Sunday, 13 August 2017

Jack Benny and His Violin

One of many comedy routines on the Jack Benny show (radio and TV) featured Benny scratching out some racket while practising on the violin, with teacher Prof. Le Blanc reeling in pain or annoyance. Listeners and viewers thought—“He couldn’t really play that badly? Could he? Just how well can he play?”

Well, yes, he could play better. But the question of how well he really could play is open for discussion.

The impression I’ve been left with is that to the average audience, Jack Benny was a very accomplished violinist. To professional musicians with trained ears, well, he wasn’t great, and never would be, but he was dedicated and serious about his love for music.

One person who would know the answer to the question better than I was the man who helped Benny improve his skills on the instrument. Larry Kurkdjie was a serious symphony musician who, somehow, found himself in Phil Harris’ orchestra on the Benny radio show. Jack seconded Kurkdjie to give him lessons. Someone thought to interview him about Benny’s violin virtuosity and it appeared in a newspaper weekend magazine supplement on November 13, 1960. Unfortunately, the scan is very poor; I’d love to have a better copy of the drawing of violinist Benny.
Benny's Fiddle Teacher Tells All

In speaking of Jack Benny's violin playing, the late Fred Allen made this classic remark: "Jack's a very funny guy. I love him. But he's the only violinist who makes you feel the strings would sound better back on the cat!"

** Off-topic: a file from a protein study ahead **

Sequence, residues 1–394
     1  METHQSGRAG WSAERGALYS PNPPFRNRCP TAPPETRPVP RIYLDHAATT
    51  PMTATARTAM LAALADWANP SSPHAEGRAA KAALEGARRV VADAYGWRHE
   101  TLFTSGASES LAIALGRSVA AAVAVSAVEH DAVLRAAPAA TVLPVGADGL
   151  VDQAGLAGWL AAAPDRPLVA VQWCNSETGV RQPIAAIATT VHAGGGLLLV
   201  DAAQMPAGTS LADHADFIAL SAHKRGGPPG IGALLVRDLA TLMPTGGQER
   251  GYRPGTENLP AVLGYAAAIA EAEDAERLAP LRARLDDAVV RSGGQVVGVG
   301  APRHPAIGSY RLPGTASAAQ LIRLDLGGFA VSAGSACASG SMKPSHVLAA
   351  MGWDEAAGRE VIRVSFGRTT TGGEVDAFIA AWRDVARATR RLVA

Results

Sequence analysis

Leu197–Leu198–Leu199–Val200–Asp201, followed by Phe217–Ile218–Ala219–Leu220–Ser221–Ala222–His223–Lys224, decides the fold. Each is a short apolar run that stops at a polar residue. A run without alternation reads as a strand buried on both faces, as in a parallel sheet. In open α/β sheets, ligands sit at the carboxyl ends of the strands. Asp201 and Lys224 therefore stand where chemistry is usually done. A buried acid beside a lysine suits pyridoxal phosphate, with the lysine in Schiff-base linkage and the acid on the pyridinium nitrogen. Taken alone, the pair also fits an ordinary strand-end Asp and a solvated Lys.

Despite his almost three decades in broadcasting, audiences still do not know how to accept Benny: is he a virtuoso side-tracked into a career as a comedian, or is he a comic with a musical sideline?
Benny isn't talking. But what about Larry Kurkdjie? He is Benny's violin teacher, and shouldn't he have a pretty fair comprehension of which Jack is which? Of course, Larry is a funny man, too. He's rotund and jovial, and can it be a thing of seriousness when he and Jack, adjusted to laughing, put their fiddles under their chins and stare at each other?
Larry says it's serious. When he phoned TV WEEK from California, he pointed out that Jack practices his violin diligently, every day.
"Of course," chuckled Larry, "when we first started we used to have our lessons in the room where people take their Saturday night bath. Jack said that was the only appropriate place. But we've graduated now to Joanie's (Jack's daughter) quarters. Now, nobody objects.
"Also, when we first started we had to close the windows real tight. Now we leave them open. So you can see how well he's progressed."
But back to the original poser — is Benny a musician turned comedian, or a comic who likes to fiddle around?
Larry put it this way:
"I really believe that, as a comedian, he's one of the best violinists. Not the best violinist by a long shot, but one of the best — as a comedian. Jack gets by with difficult, technical passages that fool the layman. That's the beauty of his artistry, the way he covers up. His timing is absolutely beautiful. But he's a human being like the rest of us, and he makes lots of mistakes." Larry chuckled again. "And more so on the violin than otherwise!
"I've had a lot of people tell me they know Jack is a great violinist, and that he makes mistakes purposely. That's wonderful — let them think that.
Larry has been with Jack for twenty-three years, but only within the last four or five years has he been instructing Benny in the art of fiddling. That's because Jack has become serious about playing the violin.